|Currency||Bhutanese ngultrum (BTN)|
|Population||753.9 thousand (2013)|
|Electricity||230±0 volt / 50±0 hertz (Type D, Schuko, BS 1363, BS 546, Europlug)|
|Emergencies||112 (emergency medical services), 110 (fire department), 113 (police)|
|edit on Wikidata|
Bhutan (officially The Kingdom of Bhutan) (Dzongkha: འབྲུག་ཡུལ་) is a small country in the Himalayas between Tibet and India. Besides the stunning natural scenery, the enduring image of the country for most visitors is the strong sense of culture and tradition that binds the kingdom and clearly distinguishes it from its larger neighbors. Bhutan is the only Vajrayana Buddhist nation in the world, and the profound teachings of this tradition remain well preserved and exert a strong influence in all aspects of life. Due to its pristine environment and harmonious society, the tiny Kingdom of Bhutan has been called "The Last Shangrila."
Bhutan can culturally and geographically be divided into three regions, which are further divided into 20 districts or dzongkhag (singular and plural):
- 1 Thimphu (Dzongkha: ཐིམ་ཕུ) – The capital city
- 2 Jakar (Dzongkha: བྱ་ཀར) – An administrative town in the north and the birthplace of Buddhism in Bhutan.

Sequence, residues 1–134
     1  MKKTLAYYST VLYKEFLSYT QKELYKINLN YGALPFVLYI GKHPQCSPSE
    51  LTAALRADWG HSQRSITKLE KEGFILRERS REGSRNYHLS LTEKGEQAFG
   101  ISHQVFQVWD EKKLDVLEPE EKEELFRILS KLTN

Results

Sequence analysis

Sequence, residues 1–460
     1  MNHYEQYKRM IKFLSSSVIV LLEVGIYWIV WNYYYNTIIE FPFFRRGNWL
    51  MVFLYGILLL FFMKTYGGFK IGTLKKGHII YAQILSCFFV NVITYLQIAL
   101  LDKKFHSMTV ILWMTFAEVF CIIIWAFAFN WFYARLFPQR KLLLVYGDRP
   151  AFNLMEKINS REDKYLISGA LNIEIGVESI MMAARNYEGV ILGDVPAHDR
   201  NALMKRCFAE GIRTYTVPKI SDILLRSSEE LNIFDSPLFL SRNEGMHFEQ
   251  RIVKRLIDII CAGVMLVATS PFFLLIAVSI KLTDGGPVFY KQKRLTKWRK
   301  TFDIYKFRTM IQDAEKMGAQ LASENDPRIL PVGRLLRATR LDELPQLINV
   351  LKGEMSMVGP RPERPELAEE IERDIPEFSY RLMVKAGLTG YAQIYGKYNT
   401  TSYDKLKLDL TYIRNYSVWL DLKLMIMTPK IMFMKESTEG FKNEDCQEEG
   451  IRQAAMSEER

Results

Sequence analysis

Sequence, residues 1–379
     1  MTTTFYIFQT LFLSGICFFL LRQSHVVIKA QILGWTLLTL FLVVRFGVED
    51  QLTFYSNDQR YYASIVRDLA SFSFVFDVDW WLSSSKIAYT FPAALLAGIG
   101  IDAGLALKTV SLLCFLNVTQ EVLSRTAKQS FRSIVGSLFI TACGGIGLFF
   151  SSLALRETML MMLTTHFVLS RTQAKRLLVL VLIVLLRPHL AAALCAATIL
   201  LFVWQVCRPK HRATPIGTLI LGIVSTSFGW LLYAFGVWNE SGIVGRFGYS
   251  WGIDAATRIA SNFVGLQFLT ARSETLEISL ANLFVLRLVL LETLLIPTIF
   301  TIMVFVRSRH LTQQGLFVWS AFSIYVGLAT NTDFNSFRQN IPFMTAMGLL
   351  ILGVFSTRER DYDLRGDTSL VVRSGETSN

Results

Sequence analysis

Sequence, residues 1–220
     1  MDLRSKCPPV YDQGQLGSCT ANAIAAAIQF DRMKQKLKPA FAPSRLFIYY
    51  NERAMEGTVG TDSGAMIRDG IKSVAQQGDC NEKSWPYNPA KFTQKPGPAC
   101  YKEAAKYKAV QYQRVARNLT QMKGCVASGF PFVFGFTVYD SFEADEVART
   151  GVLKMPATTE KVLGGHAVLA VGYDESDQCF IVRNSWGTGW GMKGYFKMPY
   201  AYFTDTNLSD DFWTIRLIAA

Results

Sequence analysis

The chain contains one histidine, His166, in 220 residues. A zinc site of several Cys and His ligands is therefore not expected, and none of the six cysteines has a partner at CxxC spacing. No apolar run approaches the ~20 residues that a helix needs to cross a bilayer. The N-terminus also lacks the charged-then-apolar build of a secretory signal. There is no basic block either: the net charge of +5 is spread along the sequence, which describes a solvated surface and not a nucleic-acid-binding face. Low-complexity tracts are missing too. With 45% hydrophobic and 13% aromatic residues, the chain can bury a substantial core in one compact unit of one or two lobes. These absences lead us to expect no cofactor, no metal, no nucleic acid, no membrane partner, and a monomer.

- 3 Mongar (Dzongkha: མོང་སྒར) – One of the largest towns in east Bhutan.
- 4 Paro (Dzongkha: སྤ་རོ་) – The location of the international airport and Taktsang Monastery.
- 5 Punakha (Dzongkha: སྤུ་ན་ཁ་) – A former winter capital of Bhutan.Still hosts the Monastic Body in Winter.
- 6 Phuentsholing (Dzongkha: ཕུན་ཚོགས་གླིང་) – A town on the Indian border. The point of entry for travelers arriving by bus from Kolkata.
- 7 Samdrup Jongkhar (Dzongkha: བསམ་གྲུབ་ལྗོངས་མཁར་) – An administrative town in the southeast, near the Indian border.
- 8 Trashigang (Dzongkha: བཀྲ་ཤིས་སྒང་།) – A picturesque administrative town in the east.
- 9 Trongsa (Dzongkha: ཀྲོང་གསར) – A small administrative town famous for its dzong and the Tower of Trongsa
- 1 Jigme Dorji National Park
- 2 Jigme Singye Wangchuck National Park
- 3 Royal Manas National Park
- 4 Phrumsengla National Park (Dzongkha: ཕྲུམ་སེང་རྒྱལ་ཡོང་གླིང་ག)
Wildlife sanctuaries and nature reserves